I have an ongoing love affair with Eileen Fisher. This affair is about 20 years old, and is quite passionate. Oh, the hours I spend looking at her various styles online at Nordstrom, Naturals-inc.com, Neiman-Marcus, and the EF website. Whenever I wear a piece of EF clothing, I feel très chic.
I recently discovered McCall’s 7020. If you look at the line drawings on the pattern back, this pattern is very similar to several of my favorite EF sweaters. Pairing the boxy top with a skinny pair of pants and flat shoes or boots gives me an instant put-together look.
You’ll remember I’m assembling a sky-blue-over-navy-blue wardrobe for my six-week gig as a collaborative pianist at Interlochen Arts Camp this summer. I found a sky blue cotton jersey at Mood Fabrics that I used for the Sewaholic Renfrew t-shirt that I blogged about here. I had enough left for one more shirt, and—after being reminded by my DIL-Equivalent that all shirts must have collars—decided to make the McCall’s boxy top with the cowl neck.
Now that it’s all done, I don’t love it, but I will wear it. The fabric doesn’t have enough “oomph” to it, as I intimated in the previous post. I think I would love it in a nice sweater knit, like the purple one I wore to show off my latest knitting project. I would also like it in a rayon/lycra knit or an ITY poly/lycra knit—just something with a little more body and a little less chance of my bra showing through.
About the time I was making the first blue t-shirt, I found this Birch Organic Sweatshirt Fleece online at Hart’s Fabric in Santa Cruz. Yum yummity yum! You want oomph? This fabric has oomph. It has cat sleeping on your lap warmth and comfort. As I was trying it on during the sewing process, I kept thinking it might just be something to sleep in on cold Northeast Ohio winter nights!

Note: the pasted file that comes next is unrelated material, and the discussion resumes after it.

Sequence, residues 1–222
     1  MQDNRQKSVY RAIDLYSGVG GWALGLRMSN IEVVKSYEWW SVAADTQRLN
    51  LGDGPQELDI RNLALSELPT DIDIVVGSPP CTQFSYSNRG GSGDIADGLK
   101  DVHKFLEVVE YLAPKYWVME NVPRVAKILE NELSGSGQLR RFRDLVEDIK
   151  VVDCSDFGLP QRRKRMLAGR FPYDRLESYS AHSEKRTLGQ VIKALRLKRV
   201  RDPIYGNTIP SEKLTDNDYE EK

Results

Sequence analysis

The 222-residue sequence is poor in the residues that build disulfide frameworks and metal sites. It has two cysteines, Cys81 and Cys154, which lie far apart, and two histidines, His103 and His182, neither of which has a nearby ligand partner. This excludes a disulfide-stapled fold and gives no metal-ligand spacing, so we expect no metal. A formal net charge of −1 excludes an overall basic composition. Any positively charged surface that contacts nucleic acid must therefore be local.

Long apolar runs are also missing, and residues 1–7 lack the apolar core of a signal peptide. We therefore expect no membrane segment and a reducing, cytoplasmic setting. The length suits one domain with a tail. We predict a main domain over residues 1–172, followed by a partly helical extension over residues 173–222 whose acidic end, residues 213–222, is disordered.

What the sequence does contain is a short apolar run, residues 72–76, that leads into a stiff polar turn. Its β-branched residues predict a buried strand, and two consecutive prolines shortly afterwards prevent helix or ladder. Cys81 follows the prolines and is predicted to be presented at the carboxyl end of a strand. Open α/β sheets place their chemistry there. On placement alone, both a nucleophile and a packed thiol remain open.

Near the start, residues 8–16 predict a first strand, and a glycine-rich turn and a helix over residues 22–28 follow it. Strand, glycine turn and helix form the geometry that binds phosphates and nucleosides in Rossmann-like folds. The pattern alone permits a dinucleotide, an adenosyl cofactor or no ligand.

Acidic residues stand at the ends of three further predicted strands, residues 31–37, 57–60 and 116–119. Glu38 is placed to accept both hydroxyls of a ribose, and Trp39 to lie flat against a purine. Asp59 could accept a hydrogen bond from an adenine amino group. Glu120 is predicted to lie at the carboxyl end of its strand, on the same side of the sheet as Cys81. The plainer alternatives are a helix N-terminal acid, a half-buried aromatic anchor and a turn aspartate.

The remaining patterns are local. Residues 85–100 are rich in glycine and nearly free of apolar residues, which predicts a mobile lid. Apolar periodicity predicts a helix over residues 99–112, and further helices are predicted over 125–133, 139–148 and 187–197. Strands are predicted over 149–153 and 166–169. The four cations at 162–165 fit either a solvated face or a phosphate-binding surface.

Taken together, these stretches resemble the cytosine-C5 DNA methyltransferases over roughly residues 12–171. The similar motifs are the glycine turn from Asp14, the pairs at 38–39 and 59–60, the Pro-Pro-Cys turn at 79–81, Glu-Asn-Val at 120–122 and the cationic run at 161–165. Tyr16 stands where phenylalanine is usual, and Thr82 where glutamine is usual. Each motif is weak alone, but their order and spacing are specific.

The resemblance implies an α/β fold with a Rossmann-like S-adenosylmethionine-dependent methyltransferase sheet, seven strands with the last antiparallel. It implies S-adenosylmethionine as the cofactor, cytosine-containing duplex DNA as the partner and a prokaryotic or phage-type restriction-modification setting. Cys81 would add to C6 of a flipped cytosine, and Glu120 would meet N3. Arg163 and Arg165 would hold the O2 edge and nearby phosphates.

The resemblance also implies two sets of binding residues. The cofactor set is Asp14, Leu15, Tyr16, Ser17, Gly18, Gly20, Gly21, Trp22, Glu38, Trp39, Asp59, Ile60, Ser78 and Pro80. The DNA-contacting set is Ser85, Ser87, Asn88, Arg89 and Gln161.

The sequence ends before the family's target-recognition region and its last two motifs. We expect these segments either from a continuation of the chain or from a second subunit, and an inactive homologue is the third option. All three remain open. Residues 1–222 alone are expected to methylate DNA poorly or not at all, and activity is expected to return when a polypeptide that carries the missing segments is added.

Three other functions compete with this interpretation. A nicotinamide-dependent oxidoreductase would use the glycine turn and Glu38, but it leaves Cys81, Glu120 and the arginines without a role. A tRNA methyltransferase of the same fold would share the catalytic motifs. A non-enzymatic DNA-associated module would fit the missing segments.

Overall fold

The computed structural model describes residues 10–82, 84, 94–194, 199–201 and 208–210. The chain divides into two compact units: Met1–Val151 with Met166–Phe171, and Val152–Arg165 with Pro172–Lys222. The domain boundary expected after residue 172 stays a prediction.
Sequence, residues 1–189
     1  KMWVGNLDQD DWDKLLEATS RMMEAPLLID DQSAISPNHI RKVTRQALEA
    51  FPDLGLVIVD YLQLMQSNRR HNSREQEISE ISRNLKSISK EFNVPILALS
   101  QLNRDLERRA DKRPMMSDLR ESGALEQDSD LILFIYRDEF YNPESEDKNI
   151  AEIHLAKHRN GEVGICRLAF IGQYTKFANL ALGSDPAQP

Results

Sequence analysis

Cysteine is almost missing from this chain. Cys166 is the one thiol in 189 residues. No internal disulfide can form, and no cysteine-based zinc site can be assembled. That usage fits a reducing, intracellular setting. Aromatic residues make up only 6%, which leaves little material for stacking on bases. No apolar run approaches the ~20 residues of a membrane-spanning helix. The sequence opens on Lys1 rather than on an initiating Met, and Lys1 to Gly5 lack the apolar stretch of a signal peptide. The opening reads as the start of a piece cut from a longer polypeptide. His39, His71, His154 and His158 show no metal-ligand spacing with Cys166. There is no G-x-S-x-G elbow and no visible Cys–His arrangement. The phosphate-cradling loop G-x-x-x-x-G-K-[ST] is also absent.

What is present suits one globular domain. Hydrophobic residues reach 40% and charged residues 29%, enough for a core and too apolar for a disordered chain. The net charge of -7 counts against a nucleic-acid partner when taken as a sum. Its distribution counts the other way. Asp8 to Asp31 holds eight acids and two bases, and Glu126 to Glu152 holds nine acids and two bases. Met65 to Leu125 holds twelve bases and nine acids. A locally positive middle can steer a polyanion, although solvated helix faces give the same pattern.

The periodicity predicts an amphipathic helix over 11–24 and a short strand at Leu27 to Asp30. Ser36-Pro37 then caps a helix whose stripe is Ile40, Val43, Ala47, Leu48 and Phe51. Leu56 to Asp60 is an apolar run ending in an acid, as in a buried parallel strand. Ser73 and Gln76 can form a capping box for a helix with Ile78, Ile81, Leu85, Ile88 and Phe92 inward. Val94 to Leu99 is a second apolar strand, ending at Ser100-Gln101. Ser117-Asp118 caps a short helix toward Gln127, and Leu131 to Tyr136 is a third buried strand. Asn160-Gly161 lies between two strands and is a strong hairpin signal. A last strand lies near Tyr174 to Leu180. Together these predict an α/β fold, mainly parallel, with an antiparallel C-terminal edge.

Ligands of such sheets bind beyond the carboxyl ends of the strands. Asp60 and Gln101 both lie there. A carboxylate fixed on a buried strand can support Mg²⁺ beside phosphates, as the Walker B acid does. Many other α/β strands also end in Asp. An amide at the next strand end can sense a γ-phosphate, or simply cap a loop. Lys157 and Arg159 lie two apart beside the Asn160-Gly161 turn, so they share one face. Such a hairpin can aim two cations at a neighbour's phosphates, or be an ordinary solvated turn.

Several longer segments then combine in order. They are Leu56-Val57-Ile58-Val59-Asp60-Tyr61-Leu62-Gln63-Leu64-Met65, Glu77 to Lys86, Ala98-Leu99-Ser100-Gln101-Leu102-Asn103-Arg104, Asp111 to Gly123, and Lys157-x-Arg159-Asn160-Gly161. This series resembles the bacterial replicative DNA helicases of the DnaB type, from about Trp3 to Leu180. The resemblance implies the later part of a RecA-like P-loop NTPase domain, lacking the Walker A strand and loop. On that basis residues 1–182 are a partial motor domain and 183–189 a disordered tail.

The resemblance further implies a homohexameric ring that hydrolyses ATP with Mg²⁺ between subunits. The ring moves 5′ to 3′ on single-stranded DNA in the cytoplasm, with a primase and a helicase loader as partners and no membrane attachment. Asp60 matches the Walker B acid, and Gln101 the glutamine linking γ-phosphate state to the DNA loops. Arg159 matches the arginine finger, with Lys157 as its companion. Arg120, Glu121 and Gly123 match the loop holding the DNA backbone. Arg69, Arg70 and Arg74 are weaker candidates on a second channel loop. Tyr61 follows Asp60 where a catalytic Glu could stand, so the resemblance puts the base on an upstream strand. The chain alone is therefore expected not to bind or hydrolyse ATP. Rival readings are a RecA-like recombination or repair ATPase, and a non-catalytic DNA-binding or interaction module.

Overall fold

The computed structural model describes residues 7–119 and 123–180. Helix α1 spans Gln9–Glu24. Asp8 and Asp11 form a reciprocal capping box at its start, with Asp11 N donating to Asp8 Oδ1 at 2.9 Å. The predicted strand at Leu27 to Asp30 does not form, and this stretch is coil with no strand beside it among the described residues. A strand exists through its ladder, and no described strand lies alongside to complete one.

Story time: When DS#2 went to Interlochen Arts Camp—then known as National Music Camp—for the first time when he was 14, I packed him up with all the requisite navy chinos, navy shorts, sky blue polos, red sweaters, and linens for the eight-week session. He would be living in a cabin, and his linens included a blanket. About a week later, he called me and asked if I’d send him another blanket and a fan. That tells you a little about summers in northern Michigan. It gets hot, and it gets cold. So I’m trying to make sure I have enough warm layers to keep me comfortable no matter what Mother Nature throws at that magical land between the lakes.
So, anyway, when I saw this sweatshirt material, I grabbed enough to make a sweatshirt. Indie pattern designer Jennifer Beeman, of Grainline Studio, recently introduced her Linden Sweatshirt and I quickly downloaded the pattern, thinking it would be an enjoyable project. But then after looking at McCall’s 7020, I thought it would be interesting to make a second version in the heavier fabric.